A new anthropological study has suggested democracy may not have originated in ancient Greece but much earlier, when human ancestors started living in communities, soon after the invention of stone tools. The reason the authors give is that the availability of stone tools made possible the foundation of more egalitarian societies than the strict social hierarchies dominant in hominin communities until then, which favoured the most physically strong individuals.
According to Herbert Gintis, Carel van Schaik, and Christopher Boehm, when ancient primates started walking on two legs and hunting large animals, their social structure started to change as they realised the benefits of co-operation, and social interdependence began to emerge. A group of hunters armed with lethal weapons such as spears could bring home a much bigger catch, but they could also exert control over the individuals in power, and this combination of circumstances “added a unique political dimension to human social life,” the authors say in their paper, which has been published in Current Anthropology.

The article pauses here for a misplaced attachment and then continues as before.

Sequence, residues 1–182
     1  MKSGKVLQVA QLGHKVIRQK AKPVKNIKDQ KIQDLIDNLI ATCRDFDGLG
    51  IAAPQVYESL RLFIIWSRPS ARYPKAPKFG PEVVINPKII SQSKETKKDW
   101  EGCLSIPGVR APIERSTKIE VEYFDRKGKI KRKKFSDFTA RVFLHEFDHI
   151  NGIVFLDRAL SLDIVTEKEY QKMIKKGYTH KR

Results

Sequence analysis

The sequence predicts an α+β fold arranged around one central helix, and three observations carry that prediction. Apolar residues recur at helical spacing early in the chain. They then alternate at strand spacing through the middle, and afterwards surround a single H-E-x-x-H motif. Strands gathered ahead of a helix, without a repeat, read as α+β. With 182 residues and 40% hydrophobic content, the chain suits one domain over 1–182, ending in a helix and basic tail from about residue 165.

The authors note that this ancient form of democracy would have been very different from what we have come to associate with the term in the more recent periods of human history, but they suggest that this early egalitarian structure gave a substantial advantage to people who were good communicators and more persuasive than the rest of their community. The presence of this advantage led to the emergence of a new idea of leadership that no longer focused on physical abilities alone but also involved cognitive ones, such as linguistic skills and the “ability to form and influence coalitions”. The second driver of socio-political development besides leaders’ ability to persuade their followers was the followers’ to partake in decision-making, making it a consensual process.